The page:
OKARCHE — Dressed in her basketball uniform and her team’s signature black knee pads, Rae Grellner stepped to midcourt at the Big House.
She didn’t have a basketball.
She had a violin.
A year ago this week, the curly haired brunette performed the national anthem before the Class A girls basketball state championship game, then went out and won a title with her Okarche High teammates. It was a feel-good story, one of those how-about-that moments. But it was also a reminder that bigger isn’t always better.
As the state basketball tournaments begin for our smallest schools, places like Arkoma and Red Oak and Tipton and, yes, Okarche take center stage. Most count their population by the hundreds, their high school classes by the tens and their stoplights by the single digits, if they have any at all.
But as Rae Grellner showed us, good things can come in small-school packages.
Grellner was 6 years old when her older brother brought home a rented violin. He played the piano, but over the Christmas break, he decided he wanted to try his hand at violin. It didn’t stick with him.
Rae was a different story.
“I just fell in love with it,” she said.
A few weeks later, she took her first lesson, and she’s been taking them weekly since then. But since Okarche has no orchestra program, she has always worked with private teachers in the Oklahoma City area. That has meant a 45-minute drive into the metro and a 45-minute drive back home at least once a week.
She did whatever it took.
Same went for practice. She spends a minimum of an hour a day practicing, but most days, it’s two hours. First, she does scales — “Lots of scales,” she said — then moves to arpeggios and etudes. Once she finishes her technical exercises, she digs into the music that she’s working on. She always has two pieces that she’s trying to perfect, one that’s up-tempo and one that’s slower.
Her latest: Mozart’s Violin Concerto No. 3 and Bach’s Partita for Violin No. 2.
Grellner, who toured Europe with the Oklahoma Youth Orchestra last summer and has been selected to the North Central Honors Orchestra, played those two pieces in auditions for college scholarships.
Do yourself a favor and Google them. You’ll see how difficult they are.
The national anthem, by comparison, doesn’t seem so hard.
Grellner started performing the anthem before games at Okarche as a sophomore, and when the team made the state finals that season, she performed before the title game at the Big House. It was the biggest crowd she’d ever played for.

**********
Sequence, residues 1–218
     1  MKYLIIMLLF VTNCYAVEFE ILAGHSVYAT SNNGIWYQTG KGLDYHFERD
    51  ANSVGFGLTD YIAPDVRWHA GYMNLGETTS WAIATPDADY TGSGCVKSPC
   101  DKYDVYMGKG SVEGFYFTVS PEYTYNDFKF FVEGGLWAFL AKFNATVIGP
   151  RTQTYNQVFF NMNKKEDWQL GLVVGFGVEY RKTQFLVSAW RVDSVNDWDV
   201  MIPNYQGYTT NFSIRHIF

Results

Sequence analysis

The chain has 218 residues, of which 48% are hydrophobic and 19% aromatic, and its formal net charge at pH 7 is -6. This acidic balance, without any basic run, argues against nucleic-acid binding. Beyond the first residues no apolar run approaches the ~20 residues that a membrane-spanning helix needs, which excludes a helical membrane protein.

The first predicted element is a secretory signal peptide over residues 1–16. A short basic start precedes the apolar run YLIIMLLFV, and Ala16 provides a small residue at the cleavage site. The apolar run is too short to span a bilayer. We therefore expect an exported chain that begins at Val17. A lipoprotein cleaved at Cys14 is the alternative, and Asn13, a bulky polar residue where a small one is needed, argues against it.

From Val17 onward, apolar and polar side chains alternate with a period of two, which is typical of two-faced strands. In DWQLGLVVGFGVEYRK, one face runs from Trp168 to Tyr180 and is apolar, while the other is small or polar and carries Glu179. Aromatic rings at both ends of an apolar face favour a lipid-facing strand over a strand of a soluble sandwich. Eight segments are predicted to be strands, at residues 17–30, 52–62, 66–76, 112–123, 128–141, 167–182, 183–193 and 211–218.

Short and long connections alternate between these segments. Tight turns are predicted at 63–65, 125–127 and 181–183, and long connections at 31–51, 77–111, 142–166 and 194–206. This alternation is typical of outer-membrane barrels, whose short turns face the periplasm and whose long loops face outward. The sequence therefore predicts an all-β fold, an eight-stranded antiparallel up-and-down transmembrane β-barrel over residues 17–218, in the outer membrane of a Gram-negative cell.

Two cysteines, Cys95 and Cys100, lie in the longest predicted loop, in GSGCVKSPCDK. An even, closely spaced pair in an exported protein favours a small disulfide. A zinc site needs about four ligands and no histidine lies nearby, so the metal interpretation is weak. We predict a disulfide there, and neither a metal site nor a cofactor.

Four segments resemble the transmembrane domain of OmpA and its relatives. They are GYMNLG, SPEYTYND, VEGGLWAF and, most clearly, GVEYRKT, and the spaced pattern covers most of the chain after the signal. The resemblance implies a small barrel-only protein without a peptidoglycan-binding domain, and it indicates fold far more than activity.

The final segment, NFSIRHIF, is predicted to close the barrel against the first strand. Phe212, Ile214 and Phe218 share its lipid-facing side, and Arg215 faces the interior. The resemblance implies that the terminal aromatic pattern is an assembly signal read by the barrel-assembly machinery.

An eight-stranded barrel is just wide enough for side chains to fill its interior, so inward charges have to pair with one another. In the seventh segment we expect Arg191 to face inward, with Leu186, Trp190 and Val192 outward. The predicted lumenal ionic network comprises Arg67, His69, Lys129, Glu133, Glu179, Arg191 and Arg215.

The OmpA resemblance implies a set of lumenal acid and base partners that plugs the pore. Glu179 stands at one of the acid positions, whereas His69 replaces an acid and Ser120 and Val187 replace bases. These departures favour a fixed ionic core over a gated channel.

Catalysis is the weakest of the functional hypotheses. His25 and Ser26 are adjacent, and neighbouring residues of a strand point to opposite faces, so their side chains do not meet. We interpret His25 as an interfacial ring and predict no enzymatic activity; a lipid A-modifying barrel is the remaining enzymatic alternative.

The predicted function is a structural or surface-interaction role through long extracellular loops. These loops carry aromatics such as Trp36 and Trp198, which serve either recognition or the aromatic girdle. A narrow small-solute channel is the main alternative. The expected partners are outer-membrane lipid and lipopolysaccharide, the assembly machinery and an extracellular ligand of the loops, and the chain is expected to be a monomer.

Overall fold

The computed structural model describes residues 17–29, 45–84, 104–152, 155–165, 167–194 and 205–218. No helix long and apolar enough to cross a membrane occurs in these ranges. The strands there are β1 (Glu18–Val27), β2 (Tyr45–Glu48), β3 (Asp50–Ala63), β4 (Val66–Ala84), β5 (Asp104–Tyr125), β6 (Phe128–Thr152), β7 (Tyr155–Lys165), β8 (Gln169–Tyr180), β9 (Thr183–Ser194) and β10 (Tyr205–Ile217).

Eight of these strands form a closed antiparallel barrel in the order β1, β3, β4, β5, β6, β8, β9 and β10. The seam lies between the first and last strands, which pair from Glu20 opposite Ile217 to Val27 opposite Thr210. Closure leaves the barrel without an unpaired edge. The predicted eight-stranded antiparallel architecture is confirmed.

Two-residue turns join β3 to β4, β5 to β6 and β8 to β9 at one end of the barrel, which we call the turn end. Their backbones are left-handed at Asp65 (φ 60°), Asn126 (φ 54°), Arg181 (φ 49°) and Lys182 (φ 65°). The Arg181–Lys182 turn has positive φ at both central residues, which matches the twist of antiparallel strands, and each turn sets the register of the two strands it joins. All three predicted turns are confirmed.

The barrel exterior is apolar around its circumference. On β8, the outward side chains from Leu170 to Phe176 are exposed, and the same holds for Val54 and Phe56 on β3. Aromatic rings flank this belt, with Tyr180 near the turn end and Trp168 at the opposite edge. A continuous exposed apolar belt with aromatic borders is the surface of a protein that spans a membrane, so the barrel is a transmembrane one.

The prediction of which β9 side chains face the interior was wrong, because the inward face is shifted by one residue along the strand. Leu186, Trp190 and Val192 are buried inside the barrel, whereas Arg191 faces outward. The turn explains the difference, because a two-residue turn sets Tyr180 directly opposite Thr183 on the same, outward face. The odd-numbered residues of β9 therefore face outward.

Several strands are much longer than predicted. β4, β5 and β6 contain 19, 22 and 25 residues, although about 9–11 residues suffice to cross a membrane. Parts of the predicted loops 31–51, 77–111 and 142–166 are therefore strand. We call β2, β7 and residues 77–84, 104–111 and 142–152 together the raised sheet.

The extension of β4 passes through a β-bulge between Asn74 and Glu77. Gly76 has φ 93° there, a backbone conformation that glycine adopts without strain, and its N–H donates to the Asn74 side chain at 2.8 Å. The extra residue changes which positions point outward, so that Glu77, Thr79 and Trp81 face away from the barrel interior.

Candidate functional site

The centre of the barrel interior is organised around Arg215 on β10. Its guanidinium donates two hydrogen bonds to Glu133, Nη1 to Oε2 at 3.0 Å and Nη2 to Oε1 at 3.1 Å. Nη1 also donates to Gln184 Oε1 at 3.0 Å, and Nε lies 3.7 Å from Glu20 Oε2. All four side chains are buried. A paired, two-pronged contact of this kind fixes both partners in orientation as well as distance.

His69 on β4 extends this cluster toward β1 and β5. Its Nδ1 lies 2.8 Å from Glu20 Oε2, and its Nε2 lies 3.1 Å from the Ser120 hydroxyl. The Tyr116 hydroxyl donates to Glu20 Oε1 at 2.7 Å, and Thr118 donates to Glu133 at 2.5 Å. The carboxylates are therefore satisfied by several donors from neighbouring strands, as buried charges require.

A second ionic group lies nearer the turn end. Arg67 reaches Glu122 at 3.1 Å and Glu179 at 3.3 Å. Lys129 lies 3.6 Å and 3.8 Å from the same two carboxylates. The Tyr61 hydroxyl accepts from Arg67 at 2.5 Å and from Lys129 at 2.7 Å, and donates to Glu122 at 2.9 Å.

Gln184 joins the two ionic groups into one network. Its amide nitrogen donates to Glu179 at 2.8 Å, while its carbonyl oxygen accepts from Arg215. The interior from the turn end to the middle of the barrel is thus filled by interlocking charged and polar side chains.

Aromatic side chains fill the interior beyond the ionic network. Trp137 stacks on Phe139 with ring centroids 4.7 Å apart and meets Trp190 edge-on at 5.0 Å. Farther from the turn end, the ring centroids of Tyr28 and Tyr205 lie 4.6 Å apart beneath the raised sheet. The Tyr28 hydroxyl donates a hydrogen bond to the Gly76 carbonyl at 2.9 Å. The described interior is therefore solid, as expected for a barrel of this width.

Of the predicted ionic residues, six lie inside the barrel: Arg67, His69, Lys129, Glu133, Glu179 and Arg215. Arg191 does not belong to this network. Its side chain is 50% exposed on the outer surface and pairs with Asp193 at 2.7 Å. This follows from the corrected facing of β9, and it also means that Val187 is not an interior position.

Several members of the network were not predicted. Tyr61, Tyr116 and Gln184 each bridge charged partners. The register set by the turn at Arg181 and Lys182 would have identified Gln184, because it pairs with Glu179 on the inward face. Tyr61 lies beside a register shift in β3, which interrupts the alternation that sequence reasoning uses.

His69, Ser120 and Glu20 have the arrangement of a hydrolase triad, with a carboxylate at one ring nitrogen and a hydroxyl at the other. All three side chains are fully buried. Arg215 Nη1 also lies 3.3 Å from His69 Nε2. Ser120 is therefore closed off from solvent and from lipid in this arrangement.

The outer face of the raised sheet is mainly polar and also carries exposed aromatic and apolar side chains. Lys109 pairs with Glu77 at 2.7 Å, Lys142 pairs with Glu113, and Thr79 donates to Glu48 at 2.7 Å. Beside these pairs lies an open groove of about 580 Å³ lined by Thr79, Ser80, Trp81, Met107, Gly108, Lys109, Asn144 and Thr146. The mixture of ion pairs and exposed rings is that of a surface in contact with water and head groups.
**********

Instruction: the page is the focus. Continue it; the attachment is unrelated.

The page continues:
She was nervous.
But last season, when she performed the anthem before the finals again, she was an even bigger bundle of nerves. Not because thousands of people were watching her play violin, though.
“I was a lot more nervous for the game,” she said. “I just wanted to win so bad because the year before we lost it.”
Plus, Grellner was a starter last season after being a reserve the year before. But only a few minutes after finishing her beautiful performance of the anthem, handing off her violin and being introduced with the rest of her teammates, she nailed a couple of early 3-pointers that set the tone in a game that Okarche would win going away.
Grellner, by the way, isn’t much of a scorer.
“Defense, that’s what I do,” she said. “That’s what I love. I actually love it a lot more than offense.”
She’s averaging only 2.4 points a game this season, the lowest of any Okarche starter, but she beams as she describes what she does on defense. When Okarche plays a diamond-and-one, she is the one. She gets to chase and hound and guard the opponent’s star.
“Rae knows her role well, plays her role well,” legendary Okarche coach Cherie Myers said.
Even when Grellner plays the anthem, she quickly transitions into basketball mode.
“It’s a pretty good life lesson to learn,” Myers said. “You focus here, then you step across the line and go focus on something else.”
Most of the players at Okarche perform in all sorts of different arenas. They do mock trial. They raise livestock. They play other sports. They are encouraged to get involved, and at a small school, they have the opportunity to do a bunch of different things.
They can be good at them, too.
Rae Grellner doesn’t know if she’ll be performing at the Big House during the state tournament again this week. She wants to do it again, but she’s heard that the activities association would like her to play next week during the big-class tournaments.
After all, she played the anthem before a Thunder game a few weeks after state last March. Why not put her talents to use when the bigger schools are in town?
“But I really want to play for mine,” Grellner said. “It’s just special.”
Bigger, after all, isn’t always better.
Jenni Carlson: Jenni can be reached at 475-4125. Like her at facebook.com/JenniCarlsonOK, follow her at twitter.com/jennicarlson_ok or view her personality page at newsok.com/jennicarlson.